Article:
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In today’s environmentally conscious world, we seek clean, renewable energy, for the sake of our children’s future. We have free renewable energy sources like solar, geothermal and wind that are available and cause minimal, if any, environmental impact once these powerplants are online and operational. As the world slowly pulls itself out of poverty, demand for power will increase further. As fossil fuels for cars have a limit, the automotive industry is now looking to electric vehicle or EV propulsion for its future.

And the race has started to electrify cars.

The Europeans in particular are in a mad rush. Audi has the E-Tron Quattro, BMW has the i3 and i8, Porsche has the Taycan to name a few full EV cars. Now we have Jaguar’s I-Pace, perhaps the first full EV to be offered in the Philippine market, ahead of Nissan’s Leaf and Hyundai’s Ioniq and Kona.

The I-Pace was designed by Jaguar-Land Rover Group’s design chief, Sir Ian Callum, based on a modified platform (codenamed D7e) for the group’s future EV model range. It’s made under contract by Magna-Steyr for Jaguar in Graz, Austria, running a dual electric motor 4WD system. The electric motors produce a combined 400ps and 696 Newton-Meters of torque, supplied by a 90 kilowatt lithium ion battery. The range is promising and believable: Jaguar promises a 414-kilometer range. The actual range will vary depending on traffic but consider this: I covered a total of 183 kilometers over three days, and I still had 204 kilometers range with half a charge on the instrument cluster. I drove through heavy traffic the first day for about 20 kilometers and that surprisingly consumed a lot more energy from the batteries. On the highway, especially with the regenerative braking charging set to high, my 80-kilometer one-way drive consumed less than an eighth of energy on the battery charge level indicator while cruising between 80-100km/h. The I-Pace can accelerate to 100km/h from rest in 4.8 seconds, thanks to the monumental torque available at zero RPM, all the way to an electronically limited 200km/h top speed.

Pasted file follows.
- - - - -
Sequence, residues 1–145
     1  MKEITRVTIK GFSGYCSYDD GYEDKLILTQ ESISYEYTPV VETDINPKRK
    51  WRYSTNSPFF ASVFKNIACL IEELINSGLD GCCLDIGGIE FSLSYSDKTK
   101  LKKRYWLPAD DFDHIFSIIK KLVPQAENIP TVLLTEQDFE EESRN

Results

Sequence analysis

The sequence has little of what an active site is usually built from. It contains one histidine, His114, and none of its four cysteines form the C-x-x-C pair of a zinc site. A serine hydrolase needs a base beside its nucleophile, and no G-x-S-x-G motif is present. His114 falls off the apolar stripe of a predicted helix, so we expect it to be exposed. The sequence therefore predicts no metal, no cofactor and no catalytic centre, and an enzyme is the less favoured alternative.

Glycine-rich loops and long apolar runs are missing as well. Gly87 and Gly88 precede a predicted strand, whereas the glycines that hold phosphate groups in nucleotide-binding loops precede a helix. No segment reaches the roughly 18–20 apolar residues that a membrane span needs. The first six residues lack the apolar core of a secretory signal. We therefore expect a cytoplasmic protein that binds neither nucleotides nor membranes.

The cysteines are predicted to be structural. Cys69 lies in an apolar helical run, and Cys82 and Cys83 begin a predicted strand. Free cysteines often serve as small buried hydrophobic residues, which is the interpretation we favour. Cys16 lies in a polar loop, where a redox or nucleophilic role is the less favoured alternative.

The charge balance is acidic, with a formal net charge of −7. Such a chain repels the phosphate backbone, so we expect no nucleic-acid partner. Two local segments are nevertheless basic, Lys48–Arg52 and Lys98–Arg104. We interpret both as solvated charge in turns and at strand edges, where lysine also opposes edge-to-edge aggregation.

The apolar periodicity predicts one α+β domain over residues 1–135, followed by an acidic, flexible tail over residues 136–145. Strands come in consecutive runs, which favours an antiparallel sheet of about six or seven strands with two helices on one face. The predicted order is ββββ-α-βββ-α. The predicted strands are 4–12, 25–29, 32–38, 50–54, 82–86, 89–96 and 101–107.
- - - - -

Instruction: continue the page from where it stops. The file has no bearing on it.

Looks-wise, the I-Pace is handsome and futuristic. Gone are the awkward and odd looking shapes and overall silhouette we have come to expect from concept cars. Sir Ian Callum did an awesome job drawing up a handsome, well-chiseled exterior with design cues linking it to existing vehicles in the Jaguar model range, but the unique sloping 2-box design cements its unique status as the first EV from the Jaguar stable. Drag is a very low 0.29cd, making it a slippery cat on the highway in the suspension’s lowest optimal handling setting. Inside, impeccable British taste are evident as ivory white perforated leather covers most of the interior, contrasting with soft black materials and a sprinkling of aluminum finish accents. The 3-spoke steering wheel wouldn’t look out of place in a sports saloon, and adjusts for both reach and rake. The instrument cluster is a full digital LCD affair, and there’s a 10-inch LCD touchscreen display for the multimedia infotainment system.